The database software market has remained stagnant, and in the enterprise software market Oracle has been losing ground to its biggest rival, SAP (SAP ), itself No. 40 on BusinessWeek's new Info Tech 100 list. That's discouraging because Ellison has struggled to build that business in hopes of diversifying from databases and selling customers multiple pieces of software. Of course, the rest of the software industry is in similar straits. But Ellison can be an impatient CEO, and waiting for an elusive cyclical turn probably doesn't suit him.

News reports say Ellison and PeopleSoft CEO Craig Conway have chatted in the past about doing a deal, but a hostile takeover bid is hardly the way to win friends and influence people. Actually, it could most help the company that Oracle should be most worried about -- rival SAP. By raising doubts about PeopleSoft's future, Ellison may hope to chase customers away from the prey and toward the hunter. But Oracle may wind up pushing those customers into SAP's arms.


  Indeed, Oracle probably has more to fear from SAP than from the merged PeopleSoft/JD Edwards. Should SAP continue to make big gains in the high-end enterprise software sector, where it claims controls of 54% of the global market, the German concern will end up with clear dominance. SAP clearly understands this dynamic: It launched a global marketing campaign targeted at PeopleSoft customers on June 10 (see BW Online, 6/12/03, "Why SAP Is Sitting Pretty").

To even contemplate Oracle's deal, PeopleSoft's board will certainly require more than the $16-per-share offer. The magic number could be as high as $20, although Ellison hasn't said if he would up the offer. Oracle is in a quiet period before reporting earnings on June 18 and declined to comment for this story.

A raised bid to $20 per share wouldn't be as steep as it sounds, however. PeopleSoft has $2 billion in cash on its books, so Oracle's bid would effectively be around $3 billion. Should Oracle secure corporate financing for the deal at today's low, low interest rates, it might be able to turn the acquisition into a higher return on capital than its own balance-sheet cash -- especially if PeopleSoft's business picks up and the deal does add up to more than the two discrete parts. And if Oracle could migrate the PeopleSoft users to its own business applications, then Ellison could finally start to see significant revenues.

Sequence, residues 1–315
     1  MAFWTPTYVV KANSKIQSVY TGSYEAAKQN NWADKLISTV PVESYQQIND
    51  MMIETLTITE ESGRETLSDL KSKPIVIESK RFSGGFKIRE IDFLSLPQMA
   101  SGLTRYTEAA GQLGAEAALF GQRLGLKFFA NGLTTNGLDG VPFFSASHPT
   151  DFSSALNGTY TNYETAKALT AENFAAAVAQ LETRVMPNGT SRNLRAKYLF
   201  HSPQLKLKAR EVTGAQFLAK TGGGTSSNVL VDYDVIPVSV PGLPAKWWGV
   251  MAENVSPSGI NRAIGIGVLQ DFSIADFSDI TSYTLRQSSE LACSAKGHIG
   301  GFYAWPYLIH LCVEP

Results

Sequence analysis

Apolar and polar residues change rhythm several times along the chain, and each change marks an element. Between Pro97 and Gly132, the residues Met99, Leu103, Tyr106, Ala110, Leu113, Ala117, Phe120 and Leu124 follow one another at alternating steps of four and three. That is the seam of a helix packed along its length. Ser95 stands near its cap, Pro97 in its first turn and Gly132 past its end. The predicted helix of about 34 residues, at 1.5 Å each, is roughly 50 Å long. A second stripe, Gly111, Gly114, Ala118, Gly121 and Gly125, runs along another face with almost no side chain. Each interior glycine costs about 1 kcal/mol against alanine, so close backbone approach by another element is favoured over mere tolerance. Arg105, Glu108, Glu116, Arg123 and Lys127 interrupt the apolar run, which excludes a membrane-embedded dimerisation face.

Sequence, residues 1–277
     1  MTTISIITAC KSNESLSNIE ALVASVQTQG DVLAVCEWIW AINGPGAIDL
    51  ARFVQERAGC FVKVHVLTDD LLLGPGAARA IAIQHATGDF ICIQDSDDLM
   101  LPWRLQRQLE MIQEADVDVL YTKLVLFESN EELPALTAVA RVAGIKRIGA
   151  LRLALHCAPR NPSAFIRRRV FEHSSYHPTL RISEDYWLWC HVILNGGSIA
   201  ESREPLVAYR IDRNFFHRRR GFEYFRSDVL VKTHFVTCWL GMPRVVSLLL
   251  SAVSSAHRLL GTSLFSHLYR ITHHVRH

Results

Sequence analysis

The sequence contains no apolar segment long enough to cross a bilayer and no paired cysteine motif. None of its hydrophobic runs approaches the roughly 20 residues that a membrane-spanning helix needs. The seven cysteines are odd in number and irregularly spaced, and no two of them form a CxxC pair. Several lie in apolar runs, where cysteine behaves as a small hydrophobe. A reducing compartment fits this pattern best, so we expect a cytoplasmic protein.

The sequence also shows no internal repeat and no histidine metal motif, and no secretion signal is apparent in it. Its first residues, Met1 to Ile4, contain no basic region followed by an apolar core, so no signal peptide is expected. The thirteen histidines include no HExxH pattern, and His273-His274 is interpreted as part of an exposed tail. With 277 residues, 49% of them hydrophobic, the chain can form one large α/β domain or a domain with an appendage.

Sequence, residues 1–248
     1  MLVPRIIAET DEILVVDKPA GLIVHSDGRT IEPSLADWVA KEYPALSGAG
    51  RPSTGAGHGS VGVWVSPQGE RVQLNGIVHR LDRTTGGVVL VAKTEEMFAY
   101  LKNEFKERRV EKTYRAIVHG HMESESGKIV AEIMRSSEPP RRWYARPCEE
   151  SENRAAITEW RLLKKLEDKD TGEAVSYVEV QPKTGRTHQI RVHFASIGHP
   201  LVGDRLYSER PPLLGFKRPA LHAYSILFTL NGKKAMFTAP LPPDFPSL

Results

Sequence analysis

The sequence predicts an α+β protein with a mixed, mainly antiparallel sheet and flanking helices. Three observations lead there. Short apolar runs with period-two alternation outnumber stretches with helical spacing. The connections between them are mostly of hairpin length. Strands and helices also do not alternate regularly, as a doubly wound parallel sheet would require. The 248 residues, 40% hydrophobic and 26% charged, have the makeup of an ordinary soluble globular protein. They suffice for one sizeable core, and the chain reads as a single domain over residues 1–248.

Sounds good, but this strategy has lots of risks. For starters, hostile takeovers are hardly the best way to build goodwill with the customers Oracle will need to retain after consummating the deal. Should they leave -- for whatever reason -- Oracle shareholders will be left holding the bag.

Further, on a pure valuation basis, some analysts have questions. "I have a hard time seeing how a company 20% the size of Oracle would add $3 billion in incremental profits in any reasonable amount of time. It doesn't pass the sniff test," says Peter Cohan, a business strategist and publisher of the Cohan Letter. (He holds no shares in Oracle and does no work for the company.)

Cohan is a tech bear these days. But even bullish analysts who don't see the valuation as excessive, such as S&P's Rudy, have downgraded Oracle stock on the uncertainties created by its swashbuckling approach. In corporate proxy wars, rarely does anyone make a lot of money. So investors might want to be cautious before considering Oracle as a place to seek growth.

Salkever is Technology editor for BusinessWeek Online